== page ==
As the tenth of fifteen levels Life Of The Party occurs at a point where players can be expected to have a strong understanding of the various game mechanics and the interactions between them. However, the structure of the Dayport sections means that despite featuring one of the least restricted and non-linear layouts of any Thief level it is also one of the most forgiving. Any mistakes can be rectified by making the leap to a different building where any guards will still be in their default patrol state. This holds true until you arrive at Angelwatch where you will be faced with some of the most challenging encounter spaces yet.
Life Of The Party marks the start of Thief II‘s third act, the true threat has been revealed and it’s time to take action. There are still some plot developments to come but those there are only clarify the nature of Karras’ schemes rather than presenting any truly revelatory information. This is also true of the game’s mechanics, some of the subsequent levels will present variations on existing concepts but nothing entirely new will be introduced. In preperation for these final levels, the Dayport sections of Life Of The Party allow for a last moment of experimentation in a relatively risk free environment. The discrete nature of the initial encounter spaces provide the opportunity to experiment with a reduced risk of absolute failure. It’s an opportunity that is worth taking as once inside Angelwatch the gap between partial and total failure will become much smaller.
Angelwatch is a beacon of Mechanist craftsmanship and hubris, a six story tower of metal, wood and marble with an artistic style bordering on Art Deco. While the majority of the City still relies heavily on torches for illumination Angelwatch features a much greater use of electric light sources which cannot be dowsed by Water Arrows. There are also several gas lamps which can be extinguished but unlike traditional torches are able to be relit by passing guards. In combination the hard floors, electric light sources, and sheer number of patrolling guards serve to make Angelwatch a difficult building to infiltrate, it is very clearly hostile territory. Get spotted within it’s chambers and it won’t take long before a half dozen Mechanists are hunting you.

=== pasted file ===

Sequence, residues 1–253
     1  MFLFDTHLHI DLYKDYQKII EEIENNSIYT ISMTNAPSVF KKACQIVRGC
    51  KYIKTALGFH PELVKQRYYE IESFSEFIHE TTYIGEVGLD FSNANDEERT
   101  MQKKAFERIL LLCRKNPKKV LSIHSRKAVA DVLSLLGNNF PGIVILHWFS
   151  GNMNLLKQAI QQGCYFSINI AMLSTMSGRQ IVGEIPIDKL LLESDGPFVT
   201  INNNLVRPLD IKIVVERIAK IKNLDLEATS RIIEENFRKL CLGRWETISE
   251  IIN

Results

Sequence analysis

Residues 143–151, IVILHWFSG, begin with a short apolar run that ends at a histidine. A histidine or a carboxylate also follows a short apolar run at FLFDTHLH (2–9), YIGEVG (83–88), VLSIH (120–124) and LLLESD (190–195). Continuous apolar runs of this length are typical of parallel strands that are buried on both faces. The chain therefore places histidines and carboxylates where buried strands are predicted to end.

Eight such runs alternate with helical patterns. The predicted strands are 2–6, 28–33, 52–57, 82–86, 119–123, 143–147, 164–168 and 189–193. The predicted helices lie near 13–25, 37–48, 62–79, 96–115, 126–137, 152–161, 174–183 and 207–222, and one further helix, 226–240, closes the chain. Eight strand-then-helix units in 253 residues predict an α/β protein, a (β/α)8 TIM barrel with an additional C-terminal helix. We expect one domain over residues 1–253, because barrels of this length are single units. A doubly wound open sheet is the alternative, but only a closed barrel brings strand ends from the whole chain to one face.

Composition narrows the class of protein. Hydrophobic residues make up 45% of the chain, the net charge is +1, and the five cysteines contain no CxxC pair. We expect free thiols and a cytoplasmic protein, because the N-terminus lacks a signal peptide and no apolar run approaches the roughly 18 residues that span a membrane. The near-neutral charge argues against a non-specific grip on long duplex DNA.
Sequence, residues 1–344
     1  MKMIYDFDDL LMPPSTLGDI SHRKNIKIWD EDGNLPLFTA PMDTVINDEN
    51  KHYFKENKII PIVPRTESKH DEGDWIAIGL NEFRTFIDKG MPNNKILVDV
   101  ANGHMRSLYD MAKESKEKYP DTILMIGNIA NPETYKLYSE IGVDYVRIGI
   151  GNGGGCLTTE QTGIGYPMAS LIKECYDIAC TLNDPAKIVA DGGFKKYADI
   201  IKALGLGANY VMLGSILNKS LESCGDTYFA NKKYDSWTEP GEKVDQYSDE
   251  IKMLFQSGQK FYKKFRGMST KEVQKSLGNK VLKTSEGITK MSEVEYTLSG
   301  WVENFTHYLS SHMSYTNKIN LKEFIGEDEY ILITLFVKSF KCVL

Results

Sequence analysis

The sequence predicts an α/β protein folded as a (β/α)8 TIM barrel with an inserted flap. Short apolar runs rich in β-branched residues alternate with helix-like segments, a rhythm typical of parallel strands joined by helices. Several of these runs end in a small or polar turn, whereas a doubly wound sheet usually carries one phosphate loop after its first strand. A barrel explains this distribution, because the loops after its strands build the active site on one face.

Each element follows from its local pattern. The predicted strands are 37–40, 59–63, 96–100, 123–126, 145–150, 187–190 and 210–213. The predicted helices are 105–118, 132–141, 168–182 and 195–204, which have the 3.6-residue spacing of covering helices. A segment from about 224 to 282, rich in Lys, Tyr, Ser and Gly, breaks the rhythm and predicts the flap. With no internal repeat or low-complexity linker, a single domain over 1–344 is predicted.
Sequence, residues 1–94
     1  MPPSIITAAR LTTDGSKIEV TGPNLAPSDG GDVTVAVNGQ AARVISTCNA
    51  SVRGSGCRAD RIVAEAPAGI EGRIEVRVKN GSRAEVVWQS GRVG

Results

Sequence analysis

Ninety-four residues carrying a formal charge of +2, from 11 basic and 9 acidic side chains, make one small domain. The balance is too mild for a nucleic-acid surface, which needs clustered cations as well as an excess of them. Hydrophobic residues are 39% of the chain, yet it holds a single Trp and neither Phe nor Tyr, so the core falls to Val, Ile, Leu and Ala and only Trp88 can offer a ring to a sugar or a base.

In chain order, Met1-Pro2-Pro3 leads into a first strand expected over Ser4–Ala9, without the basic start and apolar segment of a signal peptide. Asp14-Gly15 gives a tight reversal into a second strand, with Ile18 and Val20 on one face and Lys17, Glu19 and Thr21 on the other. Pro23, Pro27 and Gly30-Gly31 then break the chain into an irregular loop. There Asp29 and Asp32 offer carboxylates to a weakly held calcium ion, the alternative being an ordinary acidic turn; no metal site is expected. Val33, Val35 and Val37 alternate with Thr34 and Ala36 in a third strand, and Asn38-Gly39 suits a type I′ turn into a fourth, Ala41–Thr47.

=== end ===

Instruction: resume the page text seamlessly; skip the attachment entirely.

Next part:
The differences in aesthetics and structure between Angelwatch and the rest of Dayport highlight the contrast between the traditions of the City and its future as envisioned by Karras. Until now the threat posed by the Mechanists has been an abstract one, they were supporting the Sheriff and his attempts to crackdown on the City’s “unlawful”, and their security devices were appearing everywhere, but they themselves had been able to avoid public scrutiny. The Mechanists were a threat insofar as they were making life difficult for Garrett, however with Truart dead the true nature of their plans is starting to come to light, their impact on the City undeniable. Until his arrival at Angelwatch Garrett is the master of his domain, the Thieves’ Highway is where he is most comfortable, most powerful. The initial sight of Angelwatch towering over the surrounding buildings is the first sign that things are changing and that Garrett’s reign is under threat.
Ultimately Garrett doesn’t defeat Karras and the Mechanicsts out of some noble belief in his cause, he does it to survive because if their plans come to fruition there will be no room in the “Builder’s Paradise” for the likes of him. Life Of The Party is the point at which it becomes clear what the future might hold, and the point where Garrett’s actions change from those of guided by simple avarice to those motivated by survival.
An early version of this level entitled The Uninvited Guest was released as the demo for Thief II, and despite a generally similar layout there are a number of notable differences between this alpha version and the finished Life Of The Party; differences that I’ll be examining in a later post.
Originally Life Of The Party was to be shrouded in fog, as can be seen in The UninvitedGuest, however due to some problems with the release build of the Dark Engine and my current graphics card, it can be difficult to get the fog to display correctly at all times. Since it doesn’t have any direct impact on the perception levels of the AI I’ve made the decision to turn it off entirely for this playthrough.